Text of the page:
Should Tesla have built its gigantic European factory in the UK rather than in Germany?

Tesla’s plans to start manufacturing cars in Germany don’t appear to be progressing as well as hoped. Elon Musk spoke out against the German bureaucracy, which delayed the opening of the Berlin Gigafactory. Now he has given up on a huge European grant. The latter’s reasons aren’t so much a matter of bureaucracy, but they raise the question of whether Musk made the right choice in opting for Germany as Tesla’s main European base.

After all, Germany was not the only option on the table. There were rumors last year that Elon Musk was in talks with the UK government to open a Gigafactory in Somerset, UK. A few years ago, the UK was a prime manufacturing location for non-European car brands because it had direct access to the EU market but more flexible labor laws. Several Japanese manufacturers, including Toyota, are said to have built their manufacturing in the UK for this reason. The country was even nicknamed the “Japanese aircraft carrier floating off the coast of Europe” in 1992 by Jacques Calvet, then at the head of the PSA group, French carmaker at the time the largest industrial company in the country (and now integrated with Stellantis). Unfortunately, Brexit has reduced the usefulness of the UK in this regard, so only the reduced paperwork at the manufacturing stage remains. There is now a lot more bureaucracy when it comes to doing business with the EU from the UK, and this would have been a major factor in Honda closing its Swindon plant after 35 years.

Officially, bureaucracy isn’t the reason Tesla gave up the EU money offered to him, although you can bet there would have been a lot of hurdles to overcome to get it. Musk said he turned down the EU’s $ 1.28 billion in funding for the Berlin Gigafactory because “Tesla has always been of the view that all subsidies should be eliminated. But that must include massive subsidies for oil and gas. For some reason governments don’t want to do this … “

You should always take such statements from Musk with a pinch of salt, especially given his labor relations record, which is not as benevolent as his environmental message. However, he has a point about subsidies. There are a lot of complaints about government support for electric vehicles and green energy, but the oil and gas industry has also not been exempt from monetary incentives over the years. Activist group Paid to Pollute claims the UK has provided nearly £ 14bn ($ 18.7bn) in oil and gas subsidies since 2016 alone. In the United States, the figure is higher every year, with an Oil Change International report in 2017 putting the US total at $ 20.5 billion per year.

There is also more to attracting business than just a hassle-free workforce, bribes and free trade agreements. The UK has many other opportunities in the new world of electric vehicles. Start-up Britishvolt launched UK’s first battery Gigaplant in August, a £ 2.6bn ($ 3.5bn) project that aims to create 8,000 new jobs and manufacture 30 GWh of batteries from 2027, enough for 300,000 electric vehicles per year. The UK also has its own supplies of lithium, a key component of most rechargeable batteries, which Cornish Lithium and British Lithium hope to tap into. This is both mining and brine, lithium-rich geothermal groundwater. These companies even claim that there will be enough local lithium to electrify the entire UK car fleet. Electric hypercar builder Rimac also has its design office in the UK, due to the talent available in the country.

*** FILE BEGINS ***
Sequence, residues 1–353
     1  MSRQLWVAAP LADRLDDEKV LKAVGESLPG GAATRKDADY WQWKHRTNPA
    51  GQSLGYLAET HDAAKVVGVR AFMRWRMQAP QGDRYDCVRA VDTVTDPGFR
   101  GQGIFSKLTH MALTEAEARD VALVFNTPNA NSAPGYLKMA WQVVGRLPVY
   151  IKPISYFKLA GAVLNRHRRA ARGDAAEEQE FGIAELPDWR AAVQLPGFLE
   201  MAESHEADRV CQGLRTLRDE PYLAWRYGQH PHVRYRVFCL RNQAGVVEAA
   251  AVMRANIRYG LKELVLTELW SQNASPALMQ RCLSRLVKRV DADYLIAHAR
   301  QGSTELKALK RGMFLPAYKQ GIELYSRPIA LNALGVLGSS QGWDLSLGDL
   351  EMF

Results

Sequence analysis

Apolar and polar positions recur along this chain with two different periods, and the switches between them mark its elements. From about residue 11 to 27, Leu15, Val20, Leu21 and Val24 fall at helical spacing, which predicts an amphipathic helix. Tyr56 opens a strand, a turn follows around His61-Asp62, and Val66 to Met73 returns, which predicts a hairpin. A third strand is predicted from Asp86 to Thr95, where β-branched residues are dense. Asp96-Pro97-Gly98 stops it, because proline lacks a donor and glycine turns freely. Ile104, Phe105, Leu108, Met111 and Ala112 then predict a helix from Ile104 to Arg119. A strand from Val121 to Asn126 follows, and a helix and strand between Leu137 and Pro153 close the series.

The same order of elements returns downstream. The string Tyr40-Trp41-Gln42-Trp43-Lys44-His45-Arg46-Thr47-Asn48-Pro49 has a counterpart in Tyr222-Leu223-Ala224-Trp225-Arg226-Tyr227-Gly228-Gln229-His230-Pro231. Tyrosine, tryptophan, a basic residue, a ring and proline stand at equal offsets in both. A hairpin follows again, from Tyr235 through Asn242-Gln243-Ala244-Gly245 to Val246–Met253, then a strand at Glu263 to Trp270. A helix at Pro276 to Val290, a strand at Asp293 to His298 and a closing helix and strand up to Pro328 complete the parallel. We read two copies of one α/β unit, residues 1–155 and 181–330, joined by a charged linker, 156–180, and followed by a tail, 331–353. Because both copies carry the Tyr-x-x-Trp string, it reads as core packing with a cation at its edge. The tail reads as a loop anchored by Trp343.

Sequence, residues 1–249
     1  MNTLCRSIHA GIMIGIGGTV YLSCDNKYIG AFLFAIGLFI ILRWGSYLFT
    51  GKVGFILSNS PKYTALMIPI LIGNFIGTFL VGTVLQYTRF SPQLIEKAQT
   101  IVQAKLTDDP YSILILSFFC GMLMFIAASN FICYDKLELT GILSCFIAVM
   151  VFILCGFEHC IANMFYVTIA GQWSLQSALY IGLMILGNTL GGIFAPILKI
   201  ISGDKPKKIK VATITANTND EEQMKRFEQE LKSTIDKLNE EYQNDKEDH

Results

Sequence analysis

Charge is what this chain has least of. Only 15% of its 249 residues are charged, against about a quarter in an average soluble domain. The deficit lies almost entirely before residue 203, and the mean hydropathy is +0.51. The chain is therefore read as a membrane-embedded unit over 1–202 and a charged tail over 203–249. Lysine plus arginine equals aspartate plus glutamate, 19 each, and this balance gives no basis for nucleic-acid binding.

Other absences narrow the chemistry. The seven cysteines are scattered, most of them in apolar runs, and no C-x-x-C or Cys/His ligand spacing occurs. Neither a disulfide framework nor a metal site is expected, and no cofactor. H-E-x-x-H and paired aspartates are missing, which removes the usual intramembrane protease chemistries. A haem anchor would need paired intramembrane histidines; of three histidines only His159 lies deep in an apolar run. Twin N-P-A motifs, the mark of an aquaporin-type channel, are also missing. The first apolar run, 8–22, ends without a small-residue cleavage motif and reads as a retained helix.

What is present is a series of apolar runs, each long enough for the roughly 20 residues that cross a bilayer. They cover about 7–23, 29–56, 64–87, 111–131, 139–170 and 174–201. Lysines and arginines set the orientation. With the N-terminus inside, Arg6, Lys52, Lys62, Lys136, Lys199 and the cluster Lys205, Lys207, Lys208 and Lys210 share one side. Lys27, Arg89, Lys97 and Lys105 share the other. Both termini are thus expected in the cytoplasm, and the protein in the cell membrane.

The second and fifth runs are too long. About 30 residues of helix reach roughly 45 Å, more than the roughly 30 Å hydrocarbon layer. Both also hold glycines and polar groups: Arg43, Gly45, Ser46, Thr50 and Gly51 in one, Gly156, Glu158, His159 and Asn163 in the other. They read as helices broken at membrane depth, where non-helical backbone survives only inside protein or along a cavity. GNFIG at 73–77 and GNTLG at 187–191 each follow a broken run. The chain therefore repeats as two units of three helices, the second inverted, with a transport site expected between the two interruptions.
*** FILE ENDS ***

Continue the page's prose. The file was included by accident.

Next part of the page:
Tesla needs to think about where it produces cars for the right-hand drive market. This not only includes UK, but also Japan, South Africa (plus several adjacent countries), Australia, New Zealand and (the bigger ones) India, Indonesia, Pakistan and Bangladesh. Malaysia and Thailand also drive on the left. In fact, the sum of the drivers on the right is 2.8 billion people, or 36% of the world’s population.

At present, Tesla cars entering the UK are made in China, which ironically is seen as an improvement in quality over those made in America. The Chinese Models 3 now also come with LFP batteries, which are cheaper, more tolerant to being 100% charged and do not contain cobalt, so are free from the moral issues of mining this mineral. But even though China is a profitable place to produce cars, transporting them around the world is hardly good for the environment.

Tesla will almost certainly sort out his problems in Germany sometime in 2022. But you have to wonder if Elon Musk sees this as a rather bitter pill in the face of the bureaucracy he faced in setting up the Gigafactory in Berlin. Even when the factory opens, this should continue, given the past history in Europe. Perhaps, as the EV market continues to grow, local manufacturing in the UK could end up on the table. Brexit or no Brexit, the UK ultimately remains a very lucrative car market.

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